**From KSAT to delayed theory combination: Exploiting DPLL outside the SAT domain**. SAT solvers are very good. That's why many people transform their problems in satisfiability problems and then use a SAT solver. Three particular places where this was done is in reasoning in modal logics, in writing Satisfiability Modulo Theories (SMT) solvers, and in writing SMT solvers for combined theories. The talk was given by one of the MathSAT people.

In modal logics the basic algorithm is to use the SAT solver to find a model, check its consistency with the modal logic (by using tableux rules), rinse and repeat. Essentially the SAT solver is used to enumerate models (assignments of values to constants) in an organized way.

Something very similar happens in SMT provers. The SAT solver finds a model, a decision procedure checks if that is consistent with the theory and if not gives an explanation, rinse and repeat. It's hard to write a decision procedure (that is correct) for a big theory. That's why people prefer to write decision procedures for fragments of the theory and combine them. Nelson–Oppen is the traditional way of doing so. The facts exchanged by decision procedures are equalities. In delayed theory combination (DTC) the SAT solver is used to manage the communication between decision procedures thru booleans.

**Architecting solvers for Satisfiability Modulo Theories: Nelson–Oppen with DPLL**. A formal description of the architecture of SMT solvers has good educative value (it made things much clearer for me!) and it can used to reason about the solver. These guys at Intel described their SMT solver as a set of rules that can be interpreted. They also used Isabelle to prove various properties of the rules. Of course, the interpreted version is way to slow. They are implementing the `real' thing in OCaml and they will release it on SourceForge in the coming months. The intended application area includes hardware verification, embedded systems verification, device drivers verification.

I highly recommend this paper, for example, to those who want to understand the essence of Nelson–Oppen or who want to start working on a (possibly existing) SMT solver.

**Temporalising logics: 15 years after**. This talk was much too theoretical for me. All I could understand is that adding time to various logics puts the satisfiability problem in various classes of (huge) complexity. My impression is that in a SMT solver anything quadratic is already dubious. Something whose complexity is given by the Ackermann function is ridiculous. Anyway, I'm happy someone (else) is looking into these fundamental issues.

Those where all the FroCoS-pure invited talks. Now let's move on to the normal presentations.

**Visibly pushdown languages and term rewriting**. This is a study of a certain set of (tree-accepting) automata.

**A compressing translation from propositional resolution to natural deduction**. This work tackles a specific problem that appears in integrating automated and interactive theorem provers. A SAT solver can give a resolution proof that a formula is UNSAT. An interactive theorem prover usually has a small proof checking engine. Everything goes thru there. It would be a bit strange to use externally a SAT solver, which is a big chunk of C code, without running its result thru the trusted kernel. But proof checkers are usually designed to handle proofs by natural deduction. (This basically means that the proof is a tree whose structure around each node matches one of the given *rules*.) This paper presents an efficient way of solving the impedance mismatch. Checking the proof still takes longer than finding it, so there is room for improvement. But I will definitely read this article carefully because it uses Generalized Suffix Trees applied to theorem proving!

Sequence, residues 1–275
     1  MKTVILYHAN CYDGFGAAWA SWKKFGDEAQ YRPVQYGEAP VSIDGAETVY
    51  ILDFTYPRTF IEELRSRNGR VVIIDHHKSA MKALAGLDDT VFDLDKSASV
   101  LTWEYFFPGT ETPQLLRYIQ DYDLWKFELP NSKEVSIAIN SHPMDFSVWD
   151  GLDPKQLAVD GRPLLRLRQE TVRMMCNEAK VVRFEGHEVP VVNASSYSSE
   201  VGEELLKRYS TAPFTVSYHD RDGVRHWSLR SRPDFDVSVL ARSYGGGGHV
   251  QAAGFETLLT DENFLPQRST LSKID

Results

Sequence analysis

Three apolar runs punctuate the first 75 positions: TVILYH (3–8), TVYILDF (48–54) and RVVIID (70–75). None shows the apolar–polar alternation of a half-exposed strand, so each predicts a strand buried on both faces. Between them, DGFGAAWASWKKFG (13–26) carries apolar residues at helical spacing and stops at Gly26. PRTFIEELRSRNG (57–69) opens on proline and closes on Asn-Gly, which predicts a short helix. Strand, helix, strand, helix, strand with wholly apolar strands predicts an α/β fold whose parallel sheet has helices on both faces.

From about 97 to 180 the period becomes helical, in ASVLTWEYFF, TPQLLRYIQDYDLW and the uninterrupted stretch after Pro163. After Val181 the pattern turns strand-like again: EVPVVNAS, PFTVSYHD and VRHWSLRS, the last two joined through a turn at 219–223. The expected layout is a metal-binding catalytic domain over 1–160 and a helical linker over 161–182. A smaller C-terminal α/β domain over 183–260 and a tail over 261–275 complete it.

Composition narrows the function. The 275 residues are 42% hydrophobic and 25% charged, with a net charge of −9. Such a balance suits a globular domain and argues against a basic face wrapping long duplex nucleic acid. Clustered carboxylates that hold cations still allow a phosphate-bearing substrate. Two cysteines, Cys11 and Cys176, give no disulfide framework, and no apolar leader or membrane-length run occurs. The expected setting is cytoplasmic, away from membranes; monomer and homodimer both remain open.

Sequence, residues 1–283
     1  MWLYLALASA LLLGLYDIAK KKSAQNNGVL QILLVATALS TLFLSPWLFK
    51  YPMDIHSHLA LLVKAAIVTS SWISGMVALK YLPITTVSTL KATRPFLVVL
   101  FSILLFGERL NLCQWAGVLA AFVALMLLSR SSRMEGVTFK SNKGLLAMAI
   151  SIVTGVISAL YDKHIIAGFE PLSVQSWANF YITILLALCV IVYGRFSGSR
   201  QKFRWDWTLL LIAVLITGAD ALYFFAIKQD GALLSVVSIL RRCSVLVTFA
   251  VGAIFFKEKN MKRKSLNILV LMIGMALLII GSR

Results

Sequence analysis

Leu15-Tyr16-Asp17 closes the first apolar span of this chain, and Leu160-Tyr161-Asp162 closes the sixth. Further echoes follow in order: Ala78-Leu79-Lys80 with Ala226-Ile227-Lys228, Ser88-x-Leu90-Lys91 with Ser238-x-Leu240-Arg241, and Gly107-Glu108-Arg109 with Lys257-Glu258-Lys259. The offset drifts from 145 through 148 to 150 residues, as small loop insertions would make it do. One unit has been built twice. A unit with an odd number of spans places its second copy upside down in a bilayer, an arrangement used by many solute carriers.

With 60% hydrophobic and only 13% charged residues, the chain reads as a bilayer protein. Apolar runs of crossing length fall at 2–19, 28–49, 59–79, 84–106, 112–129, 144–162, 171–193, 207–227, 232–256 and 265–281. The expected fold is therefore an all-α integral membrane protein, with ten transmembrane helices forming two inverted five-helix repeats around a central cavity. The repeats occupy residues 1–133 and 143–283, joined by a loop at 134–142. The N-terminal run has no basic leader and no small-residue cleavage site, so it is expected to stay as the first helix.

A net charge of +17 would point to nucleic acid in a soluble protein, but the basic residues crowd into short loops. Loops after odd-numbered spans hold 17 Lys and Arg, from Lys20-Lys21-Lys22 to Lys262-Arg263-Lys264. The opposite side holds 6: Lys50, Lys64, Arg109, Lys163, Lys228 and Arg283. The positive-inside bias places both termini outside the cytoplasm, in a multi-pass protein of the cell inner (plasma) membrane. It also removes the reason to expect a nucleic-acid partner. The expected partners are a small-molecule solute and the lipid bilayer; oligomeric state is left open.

**Combining algorithms for deciding knowledge in security protocols**. I *think* it was about how to combine equational theories.

**RoCTL: A temporal logic of robustness**. These guys added two operators to CTL so that you can say ◯φ (in all possible futures φ holds) and ▴φ (in all futures with one more failure φ holds). A problem posed by the presenter is whether RoCTL is elementary. Here is an example to give you an idea of what can be easily expressed in this logic: “You must help your neighbor. If you will not help your neighbor you have to warn him.” (The guys who presented *Components, objects, and contracts* at SAVCBS should probably take a look at RoCTL.)

**Temporal logics with capacity constraints**. This was a rather practical presentation that I enjoyed. If you want to say in LTL that ≤2 of *a*_{1}, *a*_{2}, *a*_{3}, *a*_{4} are true then you can add some syntactic sugar and then use (¬ *a*_{1}∧¬ *a*_{2}) ∨(¬ *a*_{1}∨¬ *a*_{3})∨⋯ to do the verification. The problem is that in practice this doesn't work. You need to put the treatment of such constraints in the model checker. They presented an algorithm (but not an implementation!) of how to do so. I just hate when I hear that “we just need a student to implement it.” Let me remind you that SOFTWARE IS HARD.